During the latter part of World War II, Washington D.C. became an active area for military pilot training. There were at least four military installations operating aircraft within twenty miles of Berwyn Heights. The increasing demand on area fire departments for special aircraft rescues resulted in the formation of many special rescue units within Prince George’s County.
Sometime in 1945, Berwyn Heights formed the first “Heavy Duty” Rescue Squad in the County specially equipped for extrication of student pilots as well as victims of automobile accidents. Placed in service that year was the Department’s first rescue vehicle –a 1937 One-Quarter-Ton GMC Panel Truck. To the best of the Department’s knowledge, this was one of the first Heavy Duty Squads on the East Coast.
When Berwyn Heights organized the Rescue Squad, they were placed under the County Rescue Squad Association and designated as Rescue Squad 8. All other Rescue Squads in the County were actually ambulances and although the Berwyn Heights concept of a Rescue Squad was not such, the unit was still part of the County’s Rescue Squad/Ambulance fleet. The Department would not operate an ambulance until much later.
By the late 1950’s, a few departments were operating Heavy Duty Rescue Squads and there was a need to designate them separately from the units that were used for transporting sick and injured persons to the hospital. Departments with Heavy Duty Squads would now refer to the unit as “Rescue Squad,” followed by their company number. Those units previously referred to as Rescue Squads would now be called Ambulances. The Department operated several rescue vehicles in the early years including a 1950 GMC One Ton Panel Truck, followed by a 1956 International provided by the Civil Defense.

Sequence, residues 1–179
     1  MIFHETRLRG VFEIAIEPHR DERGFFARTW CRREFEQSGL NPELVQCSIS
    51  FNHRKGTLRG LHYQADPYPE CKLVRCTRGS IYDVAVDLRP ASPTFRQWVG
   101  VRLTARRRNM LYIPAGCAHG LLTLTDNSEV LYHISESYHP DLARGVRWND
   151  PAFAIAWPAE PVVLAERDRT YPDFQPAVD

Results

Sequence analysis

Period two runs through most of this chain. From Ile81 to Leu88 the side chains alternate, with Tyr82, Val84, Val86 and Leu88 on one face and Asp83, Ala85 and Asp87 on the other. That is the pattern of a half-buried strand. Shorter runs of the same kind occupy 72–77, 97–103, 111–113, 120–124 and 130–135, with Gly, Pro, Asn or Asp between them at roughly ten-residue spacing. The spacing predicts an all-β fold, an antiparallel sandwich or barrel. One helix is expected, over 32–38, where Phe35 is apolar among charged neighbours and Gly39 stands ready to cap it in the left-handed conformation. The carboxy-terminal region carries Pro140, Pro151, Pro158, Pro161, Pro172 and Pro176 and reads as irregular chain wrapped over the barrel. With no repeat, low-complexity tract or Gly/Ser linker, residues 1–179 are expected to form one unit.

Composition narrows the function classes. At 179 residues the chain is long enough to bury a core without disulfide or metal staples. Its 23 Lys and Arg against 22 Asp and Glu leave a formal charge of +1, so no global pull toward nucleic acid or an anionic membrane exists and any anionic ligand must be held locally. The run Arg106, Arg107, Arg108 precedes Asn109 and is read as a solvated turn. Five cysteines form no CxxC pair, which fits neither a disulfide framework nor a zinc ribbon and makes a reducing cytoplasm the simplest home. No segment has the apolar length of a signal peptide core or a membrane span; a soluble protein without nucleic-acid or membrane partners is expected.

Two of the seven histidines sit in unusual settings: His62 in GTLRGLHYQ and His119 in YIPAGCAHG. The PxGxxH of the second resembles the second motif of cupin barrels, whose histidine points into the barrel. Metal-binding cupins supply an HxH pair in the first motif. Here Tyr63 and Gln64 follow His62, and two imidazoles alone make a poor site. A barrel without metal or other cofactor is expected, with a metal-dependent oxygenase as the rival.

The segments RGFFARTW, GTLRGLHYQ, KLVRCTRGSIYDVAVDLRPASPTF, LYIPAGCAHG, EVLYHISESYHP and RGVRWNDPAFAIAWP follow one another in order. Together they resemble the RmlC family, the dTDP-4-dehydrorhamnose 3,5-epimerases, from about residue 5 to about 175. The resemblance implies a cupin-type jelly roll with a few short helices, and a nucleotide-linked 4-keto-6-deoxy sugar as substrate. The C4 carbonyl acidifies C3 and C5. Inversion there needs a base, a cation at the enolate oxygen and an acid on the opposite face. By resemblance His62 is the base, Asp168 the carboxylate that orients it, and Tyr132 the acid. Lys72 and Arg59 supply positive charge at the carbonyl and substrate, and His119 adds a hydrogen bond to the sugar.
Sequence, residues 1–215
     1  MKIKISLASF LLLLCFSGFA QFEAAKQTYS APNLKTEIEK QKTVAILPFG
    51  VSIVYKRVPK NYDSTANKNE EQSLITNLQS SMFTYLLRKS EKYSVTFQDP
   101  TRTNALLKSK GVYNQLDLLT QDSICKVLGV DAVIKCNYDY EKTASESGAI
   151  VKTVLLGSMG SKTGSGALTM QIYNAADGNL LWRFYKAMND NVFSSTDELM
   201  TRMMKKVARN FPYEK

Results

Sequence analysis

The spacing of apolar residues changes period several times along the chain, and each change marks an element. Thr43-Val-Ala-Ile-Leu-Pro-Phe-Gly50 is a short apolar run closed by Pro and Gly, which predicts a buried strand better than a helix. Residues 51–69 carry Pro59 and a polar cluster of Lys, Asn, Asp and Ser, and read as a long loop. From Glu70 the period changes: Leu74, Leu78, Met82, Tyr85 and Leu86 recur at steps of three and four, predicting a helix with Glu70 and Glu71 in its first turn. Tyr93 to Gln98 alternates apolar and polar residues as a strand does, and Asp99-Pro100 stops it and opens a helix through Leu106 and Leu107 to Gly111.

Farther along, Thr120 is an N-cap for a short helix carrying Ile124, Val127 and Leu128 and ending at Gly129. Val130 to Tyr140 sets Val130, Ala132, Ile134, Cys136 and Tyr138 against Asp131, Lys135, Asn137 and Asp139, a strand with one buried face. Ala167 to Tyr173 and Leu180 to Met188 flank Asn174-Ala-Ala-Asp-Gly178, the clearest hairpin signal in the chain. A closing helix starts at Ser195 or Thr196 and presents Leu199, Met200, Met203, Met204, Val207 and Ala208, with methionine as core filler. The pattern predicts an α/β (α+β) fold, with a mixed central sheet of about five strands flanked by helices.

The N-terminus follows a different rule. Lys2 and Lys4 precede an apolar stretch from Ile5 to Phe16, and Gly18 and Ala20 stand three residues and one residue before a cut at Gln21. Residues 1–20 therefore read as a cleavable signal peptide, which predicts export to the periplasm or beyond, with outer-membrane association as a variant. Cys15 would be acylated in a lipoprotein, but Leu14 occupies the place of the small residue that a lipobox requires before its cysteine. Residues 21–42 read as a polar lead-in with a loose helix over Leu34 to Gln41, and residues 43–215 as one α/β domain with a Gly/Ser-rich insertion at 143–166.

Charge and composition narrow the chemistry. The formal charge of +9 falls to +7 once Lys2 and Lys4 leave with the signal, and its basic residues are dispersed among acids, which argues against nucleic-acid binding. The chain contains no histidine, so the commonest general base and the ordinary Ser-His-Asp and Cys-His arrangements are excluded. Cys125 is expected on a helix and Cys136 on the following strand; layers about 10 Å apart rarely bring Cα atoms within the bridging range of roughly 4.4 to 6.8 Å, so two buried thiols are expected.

1953 marked the opening of a new firehouse (now the Town Community Center at Berwyn Road and 57th Avenue) and the old firehouse that stood next door was demolished. The old firehouse had served the Town since 1924. 1953 also marked the year that the Department received their first Class-A pumper, a 1953 GMC with a 750 GPM pump.
Tragedy struck again on July 12, 1956 when John Leyh was returning from an auto accident in his own vehicle (a common practice at the time) and lost control, striking a tree in Beltsville. The death of John Leyh resulted in the Department prohibiting the use of personal vehicles for emergency calls.
With the population growth of the Berwyn Heights and Greenbelt communities, so grew the demand for the Department’s services. Because of the additional calls for services and the unavailability of volunteers during the day, paid firefighters were hired in 1965. As time progressed, more personnel were added to the paid force. These men would eventually become absorbed into the County Fire Department which had yet to be organized.